What You Need To Know About Artificial Intelligence And Why (1)

Many things have been said about the impact that the development of Artificial Intelligence (AI) will have on society, especially in the labor market. And, perhaps also, in a more distant future, on the feasibility that at some point the machines have greater power than the same people, and that somehow they turn us into their “pets”. 

Therefore, it is important to make a distinction between what can be imagined and what could materialize in the following decades, considering what are the current advances in AI and Machine Learning.

”Artificial intelligence is changing the world, but there needs to be more context and understanding. AI refers to many different things at various stages of evolution. Have you built a computer like HAL 9000 or written a thousand IF statements?”

            Benedict Evans

In an MIT Review article published in November 2018, Karen Hao clarifies that the vast majority of advances and applications in the field of AI that make the news belong to a specific category of algorithms called Machine Learning.

 This new generation of algorithms is more sophisticated than the previous ones because through these algorithms it is possible to carry out tasks (recognition, categorization, decision-making) that were previously inaccessible to computers.

Unlike traditional algorithms, which consist of programming a series of logical or mathematical instructions as simple or as complicated as necessary to perform a specific task. The Machine Learning category allows a computer to perform tasks as advanced as facial recognition or the tasks performed by virtual assistants (Siri, Alexa, etc).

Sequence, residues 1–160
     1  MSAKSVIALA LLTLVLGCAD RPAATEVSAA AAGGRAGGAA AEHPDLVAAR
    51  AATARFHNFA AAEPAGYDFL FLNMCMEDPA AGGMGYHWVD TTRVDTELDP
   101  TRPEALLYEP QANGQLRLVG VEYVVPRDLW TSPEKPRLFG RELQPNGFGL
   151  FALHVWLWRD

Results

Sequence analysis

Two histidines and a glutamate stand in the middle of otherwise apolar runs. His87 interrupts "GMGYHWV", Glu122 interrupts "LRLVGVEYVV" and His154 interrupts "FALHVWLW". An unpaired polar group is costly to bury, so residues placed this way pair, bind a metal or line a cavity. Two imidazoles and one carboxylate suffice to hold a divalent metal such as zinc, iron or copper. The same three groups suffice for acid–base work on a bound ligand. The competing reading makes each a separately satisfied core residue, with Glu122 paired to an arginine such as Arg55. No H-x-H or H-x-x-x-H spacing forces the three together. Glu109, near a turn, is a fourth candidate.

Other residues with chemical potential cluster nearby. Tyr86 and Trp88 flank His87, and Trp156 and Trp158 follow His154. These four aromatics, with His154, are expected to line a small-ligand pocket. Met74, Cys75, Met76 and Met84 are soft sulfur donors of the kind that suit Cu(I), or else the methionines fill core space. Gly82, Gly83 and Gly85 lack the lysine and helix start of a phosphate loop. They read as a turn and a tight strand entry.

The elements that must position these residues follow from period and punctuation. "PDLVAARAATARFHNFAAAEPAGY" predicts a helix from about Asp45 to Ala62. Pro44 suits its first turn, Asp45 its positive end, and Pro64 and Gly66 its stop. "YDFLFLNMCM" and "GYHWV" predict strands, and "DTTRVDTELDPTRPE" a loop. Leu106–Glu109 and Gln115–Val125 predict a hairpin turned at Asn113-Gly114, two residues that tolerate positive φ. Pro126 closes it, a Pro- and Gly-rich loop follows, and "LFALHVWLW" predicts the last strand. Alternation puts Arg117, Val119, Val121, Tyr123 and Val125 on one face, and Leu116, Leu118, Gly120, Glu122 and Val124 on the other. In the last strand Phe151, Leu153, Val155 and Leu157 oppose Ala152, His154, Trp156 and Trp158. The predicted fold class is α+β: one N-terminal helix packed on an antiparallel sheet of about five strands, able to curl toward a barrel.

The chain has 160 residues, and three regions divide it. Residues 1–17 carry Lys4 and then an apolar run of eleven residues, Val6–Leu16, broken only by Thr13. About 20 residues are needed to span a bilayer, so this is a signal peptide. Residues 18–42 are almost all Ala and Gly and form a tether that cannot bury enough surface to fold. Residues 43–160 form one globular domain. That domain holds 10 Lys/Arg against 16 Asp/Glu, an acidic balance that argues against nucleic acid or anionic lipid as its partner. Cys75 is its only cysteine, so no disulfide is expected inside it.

It is almost impossible to imagine how these tasks could be carried out using only logical instructions or mathematical formulas.

These spectacular results are possible due to the combination of three factors. 

Kevin Kelly, in his book The Inevitable: Understanding the 12 Technological Forces That Will Shape Our Future ( 2017), mentions that, even though AI has been a subject of constant speculation since the creation of the first mainframes, concrete advances in this field they seemed to be stagnant. This changed with the appearance of three technological advances in the first decade of the 21st century:

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Parallel computing

After the development of the GPU ( Graphics Processing Unit ) chips, originally designed to support the graphics processing calculations of modern video games, in 2009 Andrew Ng and a team from Stanford began using these chips for processing in parallel neural networks. 

To take a concrete example, a neural network with 100 million parameters could be cascaded (that is, all possible combinations could be calculated) in one day, when it took several weeks before.

Big Data

Just as a human brain needs to be trained in its first years of life to learn to speak and recognize the environment, chess programs need to study and practice before becoming effective. 

This also applies to image recognition, speech, language translation, etc. Currently, it is possible to store enormous amounts of information, which serve as training. These data allow algorithms to learn when they are wrong and when they are right in such a way that they optimize their decision criteria to be able to get it right as many times as possible.

Better neural network algorithms

 Neural network algorithms have been around since the 1950s; however, they were not practical due to the large number of combinations they handle.